Posts Tagged ‘food colouring’



Keeping kids entertained for the long summer holidays can feel like a full time job. Especially when money is tight and the weather is unpredictable. But fear not, whilst it may seem that the holidays will never end and the children may be getting restless, we have some great ideas to keep them occupied, even on the gloomiest days.

Have a painting day

A really good, cost effective way of getting paper for children to paint on, is to use lining paper – the paper sold by DIY shops for lining your walls before painting. It comes in long rolls and you can cut a length and either attach it to a door (might be worth putting a couple of old towels down to protect the floor!) or you can take it outdoors lay it on the ground and let the children run riot with the paint. Encourage them to try painting on a big scale and to try new techniques, not just using a paint brush, encourage them to use their hands and their feet as a brush.

To make it an even cheaper event, you could try making your own paint as well.

How to make paint


  • 750 mls water
  • 65 grams cornflour (cornstarch)
  • food colouring


  1. Mix 250mls water with the cornflour. Start by adding a small amount at a time to build up a smooth paste
  2. Add 500mls more
  3. Put into the microwave and zap on high for 8-9 minutes, or till thickened. It’s important to keep stirring every minute or so throughout the cooking process.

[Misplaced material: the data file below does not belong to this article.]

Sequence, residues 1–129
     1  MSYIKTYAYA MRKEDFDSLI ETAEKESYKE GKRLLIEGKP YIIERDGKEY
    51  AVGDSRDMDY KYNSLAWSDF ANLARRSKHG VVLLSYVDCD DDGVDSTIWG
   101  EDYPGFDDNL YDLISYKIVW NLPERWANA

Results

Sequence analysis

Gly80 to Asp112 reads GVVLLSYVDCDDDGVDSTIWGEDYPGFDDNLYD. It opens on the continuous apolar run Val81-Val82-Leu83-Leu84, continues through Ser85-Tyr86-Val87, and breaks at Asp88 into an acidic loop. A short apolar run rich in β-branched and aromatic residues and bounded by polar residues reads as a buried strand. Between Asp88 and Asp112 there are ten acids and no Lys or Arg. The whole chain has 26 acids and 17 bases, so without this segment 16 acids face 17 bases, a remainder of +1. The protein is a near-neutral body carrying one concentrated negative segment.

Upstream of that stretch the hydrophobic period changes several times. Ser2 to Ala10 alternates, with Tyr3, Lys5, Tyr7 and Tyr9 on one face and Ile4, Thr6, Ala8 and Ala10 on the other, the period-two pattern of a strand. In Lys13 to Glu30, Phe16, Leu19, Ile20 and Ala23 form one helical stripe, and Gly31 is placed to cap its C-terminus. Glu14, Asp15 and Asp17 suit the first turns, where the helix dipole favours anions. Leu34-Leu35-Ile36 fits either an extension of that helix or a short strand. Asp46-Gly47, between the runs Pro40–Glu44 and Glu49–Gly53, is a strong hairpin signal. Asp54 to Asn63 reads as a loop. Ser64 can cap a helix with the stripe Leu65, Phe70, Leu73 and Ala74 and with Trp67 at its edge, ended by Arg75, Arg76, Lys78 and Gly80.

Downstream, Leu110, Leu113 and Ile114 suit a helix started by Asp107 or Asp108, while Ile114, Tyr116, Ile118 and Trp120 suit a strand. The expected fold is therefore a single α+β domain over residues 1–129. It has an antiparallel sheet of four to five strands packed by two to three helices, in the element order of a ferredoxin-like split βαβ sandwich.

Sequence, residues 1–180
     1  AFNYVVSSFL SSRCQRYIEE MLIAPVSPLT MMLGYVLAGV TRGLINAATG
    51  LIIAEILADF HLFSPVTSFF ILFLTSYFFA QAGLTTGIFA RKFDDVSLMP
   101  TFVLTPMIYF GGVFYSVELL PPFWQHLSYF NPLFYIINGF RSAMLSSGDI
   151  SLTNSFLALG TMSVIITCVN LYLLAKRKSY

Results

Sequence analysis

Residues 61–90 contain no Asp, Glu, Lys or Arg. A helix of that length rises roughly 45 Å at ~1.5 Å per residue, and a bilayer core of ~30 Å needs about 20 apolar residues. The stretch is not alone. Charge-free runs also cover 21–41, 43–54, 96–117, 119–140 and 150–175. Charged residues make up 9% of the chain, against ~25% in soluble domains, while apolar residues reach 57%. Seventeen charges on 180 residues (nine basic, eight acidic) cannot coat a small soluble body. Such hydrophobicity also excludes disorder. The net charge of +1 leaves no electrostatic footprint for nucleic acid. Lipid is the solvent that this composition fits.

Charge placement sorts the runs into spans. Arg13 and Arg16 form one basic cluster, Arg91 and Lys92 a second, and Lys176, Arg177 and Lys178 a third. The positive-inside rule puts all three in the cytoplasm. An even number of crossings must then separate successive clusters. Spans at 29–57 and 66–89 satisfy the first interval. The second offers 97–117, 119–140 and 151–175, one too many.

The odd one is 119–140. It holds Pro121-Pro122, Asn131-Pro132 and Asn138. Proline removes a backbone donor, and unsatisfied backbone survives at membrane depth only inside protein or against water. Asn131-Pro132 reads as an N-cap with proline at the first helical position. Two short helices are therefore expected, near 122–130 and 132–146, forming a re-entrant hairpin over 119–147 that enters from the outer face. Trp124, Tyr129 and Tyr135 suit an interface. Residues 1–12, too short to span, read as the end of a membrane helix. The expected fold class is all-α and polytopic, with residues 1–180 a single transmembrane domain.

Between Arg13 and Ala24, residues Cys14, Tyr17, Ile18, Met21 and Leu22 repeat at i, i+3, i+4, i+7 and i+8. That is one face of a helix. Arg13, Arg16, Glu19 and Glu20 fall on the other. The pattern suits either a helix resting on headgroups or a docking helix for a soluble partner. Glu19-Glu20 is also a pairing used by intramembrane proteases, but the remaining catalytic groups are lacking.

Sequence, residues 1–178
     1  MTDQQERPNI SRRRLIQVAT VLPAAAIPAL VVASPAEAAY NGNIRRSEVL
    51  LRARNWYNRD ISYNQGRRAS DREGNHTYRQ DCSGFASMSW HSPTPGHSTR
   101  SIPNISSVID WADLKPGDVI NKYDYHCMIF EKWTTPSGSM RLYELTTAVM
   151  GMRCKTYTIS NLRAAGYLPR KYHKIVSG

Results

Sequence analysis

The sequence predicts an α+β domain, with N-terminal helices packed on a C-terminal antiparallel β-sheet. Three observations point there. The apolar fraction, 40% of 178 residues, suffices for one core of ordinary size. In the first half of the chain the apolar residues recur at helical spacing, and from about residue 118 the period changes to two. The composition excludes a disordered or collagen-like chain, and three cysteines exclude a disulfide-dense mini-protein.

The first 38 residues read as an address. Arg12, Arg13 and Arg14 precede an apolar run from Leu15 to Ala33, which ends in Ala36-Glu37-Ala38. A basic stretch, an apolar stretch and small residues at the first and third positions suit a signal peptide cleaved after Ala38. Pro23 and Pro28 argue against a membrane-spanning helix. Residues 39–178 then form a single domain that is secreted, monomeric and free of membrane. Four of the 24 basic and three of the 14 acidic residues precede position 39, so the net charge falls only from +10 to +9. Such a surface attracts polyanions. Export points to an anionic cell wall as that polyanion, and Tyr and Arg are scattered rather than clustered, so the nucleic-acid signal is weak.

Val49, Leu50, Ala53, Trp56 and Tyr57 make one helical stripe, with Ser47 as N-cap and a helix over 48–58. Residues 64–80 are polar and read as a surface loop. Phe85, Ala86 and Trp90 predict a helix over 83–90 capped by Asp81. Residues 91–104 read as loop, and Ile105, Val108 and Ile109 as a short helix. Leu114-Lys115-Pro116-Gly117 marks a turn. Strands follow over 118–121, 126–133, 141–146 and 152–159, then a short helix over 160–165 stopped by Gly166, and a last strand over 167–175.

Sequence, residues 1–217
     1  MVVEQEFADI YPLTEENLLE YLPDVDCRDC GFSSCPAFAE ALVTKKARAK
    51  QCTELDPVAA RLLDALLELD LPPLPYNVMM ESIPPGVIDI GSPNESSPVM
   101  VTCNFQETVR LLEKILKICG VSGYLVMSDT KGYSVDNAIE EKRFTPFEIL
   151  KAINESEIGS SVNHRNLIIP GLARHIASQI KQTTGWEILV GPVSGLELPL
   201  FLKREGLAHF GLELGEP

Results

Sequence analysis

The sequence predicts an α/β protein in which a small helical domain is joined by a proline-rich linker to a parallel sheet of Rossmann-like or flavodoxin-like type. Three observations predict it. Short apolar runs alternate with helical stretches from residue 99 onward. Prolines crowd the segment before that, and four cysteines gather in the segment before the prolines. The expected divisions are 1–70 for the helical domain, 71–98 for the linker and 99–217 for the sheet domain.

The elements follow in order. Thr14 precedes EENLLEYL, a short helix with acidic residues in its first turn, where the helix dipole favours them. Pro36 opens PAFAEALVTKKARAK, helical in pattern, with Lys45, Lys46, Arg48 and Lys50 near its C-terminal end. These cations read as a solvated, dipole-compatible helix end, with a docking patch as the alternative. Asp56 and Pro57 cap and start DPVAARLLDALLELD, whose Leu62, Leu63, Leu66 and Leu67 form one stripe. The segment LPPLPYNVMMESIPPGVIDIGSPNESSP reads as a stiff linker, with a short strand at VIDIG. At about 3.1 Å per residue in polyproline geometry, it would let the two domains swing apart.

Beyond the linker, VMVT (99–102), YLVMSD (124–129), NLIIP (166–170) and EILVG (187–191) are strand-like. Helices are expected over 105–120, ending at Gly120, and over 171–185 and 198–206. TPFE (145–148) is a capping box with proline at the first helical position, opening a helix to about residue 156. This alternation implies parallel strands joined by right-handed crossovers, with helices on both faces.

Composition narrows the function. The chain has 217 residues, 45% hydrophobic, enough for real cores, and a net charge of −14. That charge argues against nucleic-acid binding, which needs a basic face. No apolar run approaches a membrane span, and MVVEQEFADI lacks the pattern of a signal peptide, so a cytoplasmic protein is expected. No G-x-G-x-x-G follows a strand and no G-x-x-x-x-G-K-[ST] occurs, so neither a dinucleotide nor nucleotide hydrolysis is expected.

4. Divide the mixture between 6 small bowls.
  5. Add 3 drops of (different) food colouring to each bowl.

Word of warning – food colouring may stain hands so your children might need a good bath afterwards!

Go camping in the garden

You don’t need to travel miles and spend a small fortune to go camping. Children will have fun wherever they are and will have just as much fun camping in their own back garden as they would at an expensive campsite.

You can even build a camp fire (adult supervision at all times!) and have a great evening sitting round the fire singing songs, telling stories and even eating smoors. For those Brits that have never heard of S’mores, they are a traditional campfire treat popular in the United States and Canada. They consist of a roasted marshmallow and a layer of chocolate, sandwiched between two pieces of graham cracker. We don’t have graham crackers in the UK, but apparently the nearest thing we have is a digestive biscuit.

Go to the Beach

child on beach

The weather in summer may be pretty hit and miss in the UK, but that shouldn’t stop you having a day out at the beach. If you set off expecting it to be wet, it can only get better. Just accept it’s going to be wet, and grab some waterproofs and a picnic and head on down to your nearest beach for some fun and games.

You can even have a wet weather picnic if you go prepared. You could always take a pop up tent to shelter in if the weather is really bad, but most days the weather holds out long enough to have some games on the beach.

You don’t need the sweltering sun to build sand castles, go rock pooling, or make beach art with driftwood and seaweed. Children will have fun whatever the weather.

When preparing a wet weather picnic, think about taking some warm food. Sausages and baked beans can be kept warm in wide mouth flasks and homemade soup with chunky bread always goes down well. And of course don’t forget the trusty flask of hot chocolate.

Make a fuzzy head

You will needfuzzyhead

  • Some old knee high pop socks or cut off panty hose,
  • grass seed,
  • a mixture of soil and sawdust
  • 2 small elastic bands
  • decorations – paint, googly eyes (purchased from a haberdashery store), paper, pipe cleaners, bits of felt, some old wool for hair etc.


  1. Have the children put 2 teaspoons of grass seed in the bottom of the toe of the panty hose.